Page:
CMF marketing commonly and effectively uses science to build brand credibility and influence the scientific community as Rollins, et al detail in Marketing of commercial milk formula: a system to capture parents, communities, science, and policy.

‘Landscapes and seaports’ (Paysages et ports de mer, dans des ronds)
Stefano della Bella Italian
1639
https://www.metmuseum.org/art/collection/search/412519

The authors detail how they misrepresent research and their sponsorship of journals and conclude “the capture of science as a strategic objective of CMF marketing fundamentally shapes medical practice in addition to boosting CMF sales. Science is used in a pincer movement: parents looking to resolve problems accentuated by marketing, with health professionals offering marketing-constructed solutions.” 

One government employee, a practicing physician, who asked to remain anonymous suggests that “most academicians can’t survive (as academicians) without getting sponsor grants for research”. That’s because public funding has decreased in the last couple of decades.  

Patricia Baird notes in Getting it right: industry sponsorship and medical research “…the pharmaceutical industry has become the single largest direct funder of medical research in Canada, the United Kingdom and the United States.”

The anonymous physician says that the number and type of potential competing interests do not tend to concern him especially when there is supplementary data available for review. 

He shares that “Most multi-center studies are done by funding from sponsors since no one Institution has deep enough pockets to do these critically important studies.  I get red flags going off and my ‘BS detector’ starts sounding when I see a small, short author list with a single sponsor funding the study that lacks supplementary data and is making extraordinary claims.” 

One of the touted benefits of working with industry in research is the development of new therapies for patients, as Baird writes and is also noted in ‘Deal with the Devil’: Harvard Medical School Faculty Grapple with Increased Industry Research Funding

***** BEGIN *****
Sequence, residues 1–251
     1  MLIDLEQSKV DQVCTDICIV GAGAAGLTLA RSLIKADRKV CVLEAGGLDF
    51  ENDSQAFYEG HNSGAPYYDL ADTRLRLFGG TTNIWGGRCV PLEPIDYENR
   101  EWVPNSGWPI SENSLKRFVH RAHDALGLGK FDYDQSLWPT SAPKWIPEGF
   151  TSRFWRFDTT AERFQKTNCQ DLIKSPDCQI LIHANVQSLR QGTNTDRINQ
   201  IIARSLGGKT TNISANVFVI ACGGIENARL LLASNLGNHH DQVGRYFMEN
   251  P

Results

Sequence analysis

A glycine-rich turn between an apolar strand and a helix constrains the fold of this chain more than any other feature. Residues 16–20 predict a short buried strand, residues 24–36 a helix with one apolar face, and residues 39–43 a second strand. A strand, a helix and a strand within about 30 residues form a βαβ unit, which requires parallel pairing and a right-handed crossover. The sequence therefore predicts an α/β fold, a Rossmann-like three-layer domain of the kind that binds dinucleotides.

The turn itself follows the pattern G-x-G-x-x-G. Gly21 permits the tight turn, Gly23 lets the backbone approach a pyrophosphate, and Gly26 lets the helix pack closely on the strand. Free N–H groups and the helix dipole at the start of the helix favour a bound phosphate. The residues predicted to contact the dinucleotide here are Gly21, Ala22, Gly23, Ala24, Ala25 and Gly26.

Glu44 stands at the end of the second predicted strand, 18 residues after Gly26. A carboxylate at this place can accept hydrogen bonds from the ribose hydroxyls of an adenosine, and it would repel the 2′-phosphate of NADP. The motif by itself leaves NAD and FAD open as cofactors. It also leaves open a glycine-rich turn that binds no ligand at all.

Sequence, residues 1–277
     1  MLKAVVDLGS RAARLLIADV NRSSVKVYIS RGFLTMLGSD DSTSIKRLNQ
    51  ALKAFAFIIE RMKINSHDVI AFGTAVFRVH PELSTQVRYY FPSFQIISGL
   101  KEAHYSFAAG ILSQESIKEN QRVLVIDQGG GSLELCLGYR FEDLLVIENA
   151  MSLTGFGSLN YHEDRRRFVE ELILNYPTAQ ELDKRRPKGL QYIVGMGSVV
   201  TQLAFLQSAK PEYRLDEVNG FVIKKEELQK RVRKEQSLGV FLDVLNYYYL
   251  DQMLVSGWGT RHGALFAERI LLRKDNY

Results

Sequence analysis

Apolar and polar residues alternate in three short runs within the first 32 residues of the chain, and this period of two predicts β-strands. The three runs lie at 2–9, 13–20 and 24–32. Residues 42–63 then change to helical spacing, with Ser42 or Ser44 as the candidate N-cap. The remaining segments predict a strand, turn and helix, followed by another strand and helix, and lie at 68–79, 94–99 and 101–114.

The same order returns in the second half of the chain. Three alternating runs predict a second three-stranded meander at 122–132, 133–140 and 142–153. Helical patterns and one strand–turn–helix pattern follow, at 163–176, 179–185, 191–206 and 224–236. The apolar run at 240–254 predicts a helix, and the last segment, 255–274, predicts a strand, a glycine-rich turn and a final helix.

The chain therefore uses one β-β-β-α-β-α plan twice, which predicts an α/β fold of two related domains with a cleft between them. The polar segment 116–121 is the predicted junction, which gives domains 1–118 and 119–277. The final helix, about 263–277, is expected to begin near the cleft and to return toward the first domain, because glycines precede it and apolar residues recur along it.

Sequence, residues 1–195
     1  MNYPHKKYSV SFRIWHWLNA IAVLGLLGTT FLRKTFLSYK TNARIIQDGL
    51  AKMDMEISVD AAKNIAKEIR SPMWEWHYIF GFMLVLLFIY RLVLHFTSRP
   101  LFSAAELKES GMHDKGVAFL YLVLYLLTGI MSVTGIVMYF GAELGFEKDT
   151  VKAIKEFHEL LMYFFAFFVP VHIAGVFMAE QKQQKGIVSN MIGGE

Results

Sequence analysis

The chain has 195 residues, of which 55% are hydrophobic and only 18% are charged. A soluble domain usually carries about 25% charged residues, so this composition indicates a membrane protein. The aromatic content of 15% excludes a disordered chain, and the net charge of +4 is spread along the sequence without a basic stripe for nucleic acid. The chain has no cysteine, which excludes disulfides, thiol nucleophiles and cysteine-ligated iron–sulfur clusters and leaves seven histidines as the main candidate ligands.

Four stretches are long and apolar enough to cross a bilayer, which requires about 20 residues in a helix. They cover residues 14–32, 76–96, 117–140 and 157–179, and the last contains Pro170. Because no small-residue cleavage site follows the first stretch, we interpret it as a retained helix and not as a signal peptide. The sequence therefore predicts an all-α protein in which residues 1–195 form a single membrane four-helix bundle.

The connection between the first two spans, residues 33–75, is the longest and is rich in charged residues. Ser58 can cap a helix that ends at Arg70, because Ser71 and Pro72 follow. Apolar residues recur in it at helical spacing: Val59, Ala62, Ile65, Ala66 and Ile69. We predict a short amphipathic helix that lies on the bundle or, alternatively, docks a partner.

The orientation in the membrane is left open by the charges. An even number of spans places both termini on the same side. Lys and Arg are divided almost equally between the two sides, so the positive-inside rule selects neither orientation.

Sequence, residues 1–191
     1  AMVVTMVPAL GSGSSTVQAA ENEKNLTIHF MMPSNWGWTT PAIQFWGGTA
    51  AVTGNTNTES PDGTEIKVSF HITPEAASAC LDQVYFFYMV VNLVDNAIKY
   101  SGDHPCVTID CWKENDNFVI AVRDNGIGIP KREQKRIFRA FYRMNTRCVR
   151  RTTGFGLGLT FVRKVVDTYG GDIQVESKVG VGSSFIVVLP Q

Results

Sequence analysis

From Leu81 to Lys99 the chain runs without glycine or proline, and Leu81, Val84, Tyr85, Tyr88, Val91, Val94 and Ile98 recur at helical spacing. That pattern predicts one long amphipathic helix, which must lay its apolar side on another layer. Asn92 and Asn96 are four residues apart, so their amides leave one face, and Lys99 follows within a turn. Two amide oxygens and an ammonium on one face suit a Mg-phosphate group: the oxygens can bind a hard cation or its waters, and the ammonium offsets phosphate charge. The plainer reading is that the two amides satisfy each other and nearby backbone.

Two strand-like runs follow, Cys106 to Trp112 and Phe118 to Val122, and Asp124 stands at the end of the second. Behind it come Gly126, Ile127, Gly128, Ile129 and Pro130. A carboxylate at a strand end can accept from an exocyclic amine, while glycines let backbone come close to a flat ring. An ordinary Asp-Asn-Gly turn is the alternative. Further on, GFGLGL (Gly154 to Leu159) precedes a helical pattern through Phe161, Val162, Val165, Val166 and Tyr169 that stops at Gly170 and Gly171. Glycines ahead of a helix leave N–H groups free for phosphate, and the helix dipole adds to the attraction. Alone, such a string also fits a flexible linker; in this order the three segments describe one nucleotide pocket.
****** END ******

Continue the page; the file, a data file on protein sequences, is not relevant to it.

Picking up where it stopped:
However, Baird shares: “…a lack of balance in research activities, with a focus mainly on potential medications, is likely to divert talented researchers from the pursuit of profound scientific questions, or divert them from the pursuit of questions without market relevance but with an aspect of public good. A company has little incentive to support trials evaluating whether inexpensive, off-patent drugs, or whether nonpharmaceutical interventions, could replace their profitable patented drug.”

Because profits are foremost for industry, Baird continues that “it is unrealistic to expect drug companies to stop making drugs to treat diseases that result from [unhealthy behavior].”

This reality, Baird goes on, “highlights the need for funding of research into new and effective ways to get people to change behaviour, and of research into policies that provide incentives and support for healthier behaviours at a population level.” 

*Ahem… Family-friendly policies that support breastfeeding and adoption and adherence of the Code!*  One has to wonder, would maternal infant health look differently if we put as much effort into breastfeeding and supportive policies as we did responding to the formula crisis

One group, the Access to Nutrition Initiative (ATNI) conducts the BMS and CF Marketing indexes which assess the marketing policies of the 20 largest baby food companies globally. This spring, the organization released the Breast Milk Substitutes and Complementary Foods Marketing in the United States: Launch of the 2024 Country Report as a complement to the indexes. The recording of this event can be accessed here